Some say volatility, rather than debt, is the best way to think about risk as an investor, but Warren Buffett famously said that 'Volatility is far from synonymous with risk. When we think about how risky a company is, we always like to look at its use of debt, since debt overload can lead to ruin. As with many other companies The Hackett Group, Inc. (NASDAQ:HCKT) makes use of debt. But should shareholders be worried about its use of debt?
Why Does Debt Bring Risk?
Debt and other liabilities become risky for a business when it cannot easily fulfill those obligations, either with free cash flow or by raising capital at an attractive price. Part and parcel of capitalism is the process of 'creative destruction' where failed businesses are mercilessly liquidated by their bankers. However, a more usual (but still expensive) situation is where a company must dilute shareholders at a cheap share price simply to get debt under control. By replacing dilution, though, debt can be an extremely good tool for businesses that need capital to invest in growth at high rates of return. When we examine debt levels, we first consider both cash and debt levels, together.
How Much Debt Does Hackett Group Carry?
As you can see below, Hackett Group had US$4.50m of debt at June 2019, down from US$13.5m a year prior. But it also has US$16.7m in cash to offset that, meaning it has US$12.2m net cash.
A Look At Hackett Group's Liabilities
We can see from the most recent balance sheet that Hackett Group had liabilities of US$42.3m falling due within a year, and liabilities of US$17.9m due beyond that. On the other hand, it had cash of US$16.7m and US$54.5m worth of receivables due within a year. So it actually has US$11.1m more liquid assets than total liabilities.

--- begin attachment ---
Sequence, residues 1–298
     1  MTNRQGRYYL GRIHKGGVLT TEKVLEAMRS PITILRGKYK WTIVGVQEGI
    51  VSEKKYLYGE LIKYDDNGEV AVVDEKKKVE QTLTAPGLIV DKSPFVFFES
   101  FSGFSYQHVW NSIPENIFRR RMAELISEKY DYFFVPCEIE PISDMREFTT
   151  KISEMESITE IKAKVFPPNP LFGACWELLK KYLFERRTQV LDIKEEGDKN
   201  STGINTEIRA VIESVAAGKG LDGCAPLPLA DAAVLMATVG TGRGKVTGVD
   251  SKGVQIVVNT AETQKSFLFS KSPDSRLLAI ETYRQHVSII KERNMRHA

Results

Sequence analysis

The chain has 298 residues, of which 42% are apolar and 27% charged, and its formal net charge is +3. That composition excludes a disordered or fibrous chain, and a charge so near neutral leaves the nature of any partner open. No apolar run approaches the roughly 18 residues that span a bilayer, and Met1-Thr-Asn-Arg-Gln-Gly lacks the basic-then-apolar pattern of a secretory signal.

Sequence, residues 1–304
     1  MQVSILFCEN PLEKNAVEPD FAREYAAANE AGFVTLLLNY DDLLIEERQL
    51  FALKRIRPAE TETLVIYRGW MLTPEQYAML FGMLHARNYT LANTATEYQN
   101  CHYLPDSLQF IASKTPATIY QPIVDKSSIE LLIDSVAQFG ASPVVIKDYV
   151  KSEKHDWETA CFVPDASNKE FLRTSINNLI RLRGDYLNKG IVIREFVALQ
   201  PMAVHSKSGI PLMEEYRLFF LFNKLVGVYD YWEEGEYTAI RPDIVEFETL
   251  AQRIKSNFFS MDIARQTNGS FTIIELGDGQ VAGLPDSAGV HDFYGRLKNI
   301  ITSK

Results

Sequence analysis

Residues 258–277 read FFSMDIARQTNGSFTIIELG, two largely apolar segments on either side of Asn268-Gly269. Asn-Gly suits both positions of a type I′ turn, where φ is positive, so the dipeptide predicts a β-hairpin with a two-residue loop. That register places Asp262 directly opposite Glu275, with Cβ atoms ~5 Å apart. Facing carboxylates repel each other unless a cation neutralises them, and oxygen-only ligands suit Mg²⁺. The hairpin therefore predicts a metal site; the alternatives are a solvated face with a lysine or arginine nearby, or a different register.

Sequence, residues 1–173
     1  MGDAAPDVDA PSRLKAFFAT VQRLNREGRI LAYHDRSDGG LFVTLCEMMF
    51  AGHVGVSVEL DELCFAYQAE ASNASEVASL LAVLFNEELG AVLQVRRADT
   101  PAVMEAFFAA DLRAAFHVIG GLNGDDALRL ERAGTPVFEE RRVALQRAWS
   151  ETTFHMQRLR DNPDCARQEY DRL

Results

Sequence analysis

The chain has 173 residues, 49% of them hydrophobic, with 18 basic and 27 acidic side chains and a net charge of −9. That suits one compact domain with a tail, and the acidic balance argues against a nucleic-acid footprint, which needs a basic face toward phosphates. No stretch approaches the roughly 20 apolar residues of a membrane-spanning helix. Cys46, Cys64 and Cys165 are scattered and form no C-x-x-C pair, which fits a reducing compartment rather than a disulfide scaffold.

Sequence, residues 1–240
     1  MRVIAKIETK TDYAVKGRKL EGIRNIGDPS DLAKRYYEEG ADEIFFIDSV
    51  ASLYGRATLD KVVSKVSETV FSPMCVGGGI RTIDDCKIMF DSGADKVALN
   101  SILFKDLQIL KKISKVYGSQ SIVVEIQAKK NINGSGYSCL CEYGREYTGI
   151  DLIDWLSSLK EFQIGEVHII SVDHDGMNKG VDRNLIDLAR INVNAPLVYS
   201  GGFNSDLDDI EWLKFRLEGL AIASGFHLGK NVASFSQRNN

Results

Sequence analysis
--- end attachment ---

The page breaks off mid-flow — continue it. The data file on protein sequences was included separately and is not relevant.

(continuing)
This surplus suggests that Hackett Group has a conservative balance sheet, and could probably eliminate its debt without much difficulty. Simply put, the fact that Hackett Group has more cash than debt is arguably a good indication that it can manage its debt safely.
Fortunately, Hackett Group grew its EBIT by 4.1% in the last year, making that debt load look even more manageable. The balance sheet is clearly the area to focus on when you are analysing debt. But ultimately the future profitability of the business will decide if Hackett Group can strengthen its balance sheet over time. So if you want to see what the professionals think, you might find this free report on analyst profit forecasts to be interesting.
Finally, a business needs free cash flow to pay off debt; accounting profits just don't cut it. While Hackett Group has net cash on its balance sheet, it's still worth taking a look at its ability to convert earnings before interest and tax (EBIT) to free cash flow, to help us understand how quickly it is building (or eroding) that cash balance. During the last three years, Hackett Group produced sturdy free cash flow equating to 75% of its EBIT, about what we'd expect. This cold hard cash means it can reduce its debt when it wants to.
While it is always sensible to investigate a company's debt, in this case Hackett Group has US$12.2m in net cash and a decent-looking balance sheet. The cherry on top was that in converted 75% of that EBIT to free cash flow, bringing in US$28m. So is Hackett Group's debt a risk? It doesn't seem so to us. Above most other metrics, we think its important to track how fast earnings per share is growing, if at all. If you've also come to that realization, you're in luck, because today you can view this interactive graph of Hackett Group's earnings per share history for free.
Of course, if you're the type of investor who prefers buying stocks without the burden of debt, then don't hesitate to discover our exclusive list of net cash growth stocks, today.
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